Does Political Voice Matter and Can it Bring About Change?
What is political voice, how is it expressed and how can it be effective? Alina Rocha Menocal details a rapidly changing landscape where new and old forms of voice are both coming together and competing for influence in a new series of events and blogs on political voice, accompanied by a set of infographics.
LUNCH SEMINAR - Poverty in Fragile States: Getting Elites On Board
ECDPM is pleased to invite you to a lunch seminar on Seth Kaplan’s new book Betrayed: Politics, Power, and Prosperity
. Mr. Kaplan is a lecturer at the Paul H. Nitze School of Advanced International Studies (SAIS) at Johns Hopkins University.
Monday 7 April, 12.00-14.00 (lunch from 12.00 to 12.30)
ECDPM office, 5 rue Archimède, 1000 Brussels
Please confirm your participation by replying to: Laura Dominguez - firstname.lastname@example.org
This meeting will also be livestreamed here
More news from The Filter
SADC’s Trade Agenda at the EU-Africa Summit
Christopher Wood looks at what issues SADC should have focused on at the EU-Africa Summit, and where there was room for compromise.
De-coding Public-Private Partnerships
How can we achieve a partnership between public and private actors for achieving and financing sustainable development post-2015? ECDPM contributed this document to the UN Committee of Experts on Sustainable Development Financing (ICESDF) Outreach Event on Co-creating New Partnerships for Financing Sustainable Development, in Helsinki, Finland.
A Common African Position on Post-2015 Development Agenda
Liberian President Ellen Johnson Sirleaf gave a speech on the Common African Position on the Post-2015 Development Agenda at the Seventh Joint Annual Meetings of African Ministers of Finance, Planning and Economic Development.
ACP CDE publishes budget and work programme
The ACP Centre for the Development of Enterprise published its Work Programme and Budget for 2014 and in agreement with the European Development Fund agreed a revised budget of EUR 8.6 mn limiting its activities to six programme.
European Investment Bank on Bridging Facility
The European Investment Bank published comments for a Council Regulation amending Council Regulation on the implementation of the 10th EDF European Development Fund under the ACP-EC Partnership Agreement for the implementation of the Bridging Facility.
UK first G7 country to reach 0.7%
Data released today show that the UK is the first G7 donor to reach the UN-endorsed target of 0.7% of gross national income (GNI) as official development assistance (ODA). Development Initiatives provide more analysis and data in their latest blog.
LRRD and Supporting Resilience in Difficult Places
Are we to conclude that the fuss about resilience is nothing more than froth, or is there really something useful that can be done about supporting resilience and bringing together long and short term perspectives, even in the most difficult places? But ‘linking relief and development’ or LRRD has been an idea that has been spoken about for more than 20 years and little has changed as a result writes ODI.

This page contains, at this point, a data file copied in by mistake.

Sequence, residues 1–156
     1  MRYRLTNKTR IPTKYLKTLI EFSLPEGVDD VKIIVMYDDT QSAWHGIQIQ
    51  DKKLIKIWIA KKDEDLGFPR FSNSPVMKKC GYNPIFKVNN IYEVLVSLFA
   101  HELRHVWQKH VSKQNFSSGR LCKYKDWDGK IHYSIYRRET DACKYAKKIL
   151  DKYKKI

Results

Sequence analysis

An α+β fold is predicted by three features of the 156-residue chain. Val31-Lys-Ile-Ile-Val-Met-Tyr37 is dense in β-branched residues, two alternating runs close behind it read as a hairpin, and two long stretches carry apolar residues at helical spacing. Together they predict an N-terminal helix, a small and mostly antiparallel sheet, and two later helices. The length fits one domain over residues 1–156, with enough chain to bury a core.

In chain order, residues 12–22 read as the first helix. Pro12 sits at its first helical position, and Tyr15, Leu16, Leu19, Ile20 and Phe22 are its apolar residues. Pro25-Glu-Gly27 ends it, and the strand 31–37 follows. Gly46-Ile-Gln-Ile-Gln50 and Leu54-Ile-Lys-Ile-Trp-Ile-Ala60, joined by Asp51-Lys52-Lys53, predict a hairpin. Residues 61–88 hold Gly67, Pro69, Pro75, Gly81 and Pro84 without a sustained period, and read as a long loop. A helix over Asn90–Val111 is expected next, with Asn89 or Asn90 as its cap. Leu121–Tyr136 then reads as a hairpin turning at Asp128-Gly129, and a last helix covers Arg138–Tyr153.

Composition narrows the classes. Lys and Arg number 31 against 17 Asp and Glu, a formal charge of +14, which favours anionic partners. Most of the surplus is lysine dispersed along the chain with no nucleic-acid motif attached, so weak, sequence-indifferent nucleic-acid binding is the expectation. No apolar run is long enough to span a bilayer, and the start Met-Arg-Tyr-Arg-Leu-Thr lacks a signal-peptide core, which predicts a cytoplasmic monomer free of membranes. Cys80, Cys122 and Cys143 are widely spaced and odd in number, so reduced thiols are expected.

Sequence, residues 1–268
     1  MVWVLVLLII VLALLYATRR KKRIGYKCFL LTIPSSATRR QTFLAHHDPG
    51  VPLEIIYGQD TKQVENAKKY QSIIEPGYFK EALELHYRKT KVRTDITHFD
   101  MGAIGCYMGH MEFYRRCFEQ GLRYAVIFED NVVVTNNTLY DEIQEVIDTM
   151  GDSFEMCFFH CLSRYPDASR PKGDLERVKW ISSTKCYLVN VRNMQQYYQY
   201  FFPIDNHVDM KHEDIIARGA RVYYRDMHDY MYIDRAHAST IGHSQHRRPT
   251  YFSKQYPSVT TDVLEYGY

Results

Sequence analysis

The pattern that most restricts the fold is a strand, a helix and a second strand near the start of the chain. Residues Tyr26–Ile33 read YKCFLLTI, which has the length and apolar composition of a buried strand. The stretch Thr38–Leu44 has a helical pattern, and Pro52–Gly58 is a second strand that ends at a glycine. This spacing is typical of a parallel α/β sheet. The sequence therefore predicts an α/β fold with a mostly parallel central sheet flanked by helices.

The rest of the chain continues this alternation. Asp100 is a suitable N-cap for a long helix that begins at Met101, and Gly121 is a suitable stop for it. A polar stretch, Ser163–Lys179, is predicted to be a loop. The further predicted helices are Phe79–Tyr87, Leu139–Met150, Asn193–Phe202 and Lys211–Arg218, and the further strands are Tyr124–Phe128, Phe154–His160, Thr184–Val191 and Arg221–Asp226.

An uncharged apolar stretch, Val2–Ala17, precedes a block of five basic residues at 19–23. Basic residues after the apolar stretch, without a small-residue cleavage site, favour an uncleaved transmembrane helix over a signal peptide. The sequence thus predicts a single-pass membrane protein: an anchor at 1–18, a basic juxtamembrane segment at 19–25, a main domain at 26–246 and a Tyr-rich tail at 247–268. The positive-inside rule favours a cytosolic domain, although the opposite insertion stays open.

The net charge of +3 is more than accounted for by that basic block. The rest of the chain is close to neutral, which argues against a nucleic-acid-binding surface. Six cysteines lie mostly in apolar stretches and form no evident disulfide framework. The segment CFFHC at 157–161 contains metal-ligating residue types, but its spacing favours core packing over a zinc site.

‘How DFID Learns’. Or doesn’t.
The latest report from the Independent Commission for Aid Impact (ICAI), DfID’s watchdog, is critical and gives DFID an overall ‘amber-red’ assessment, defined as ‘programme performs relatively poorly overall against ICAI’s criteria for effectiveness and value for money. Significant improvements should be made’.
Does CAADP need more political economy?
Is there a need for a new focus on the political economy of agriculture? Blessings Chinsinga reports from CAADP's 10th Partnership Platform in Durban.
Policy Coherence for Inclusive and Sustainable Development
How can the OECD fully utilise its multidisciplinary expertise, evidence-based approaches to policy-making and peer learning working methods to help achieve greater policy coherence for development in the post-2015 framework?
Social Progress Index 2014
New Zealand is on top and Chad at the bottom of the overall rankings in the Social Progress Index. The Index, from the Social Progress Imperative, reminds us that governments wanting better lives for their citizens need to go beyond economic growth alone in designing their development strategies.
Are you ready for the resource revolution?
Meeting increasing global demand requires dramatically improving resource productivity. Yet technological advances mean companies have an extraordinary opportunity not only to meet that challenge but to spark the next industrial revolution as well, write McKinsey.
China becoming deeply involved in Africa's security landscape
SAIIA’s latest report show that the growing exposure of its interests to the vagaries of African politics and pressures to demonstrate greater global activism are bringing about a reconsideration of Beijing's approach to the continent.
Mining and Development: Lessons Learnt from South Africa and Beyond
Diversification funded by mineral wealth requires material improvement in the institutions governing mineral extraction. According to SAIIA, a better understanding of the incentives generated by institutions is critical for successful implementation of resource governance initiatives on the continent.
Strong political commitment and leadership key to curbing illicit financial flows from Africa
Africa loses US$50bn a year from illicit financial flows. Strong political commitment and leadership is needed on both the African continent and globally, says the High Level Panel (HLP) on Illicit Financial Flows from Africa (IFF) in a Progress Report.
For more articles, see The Filter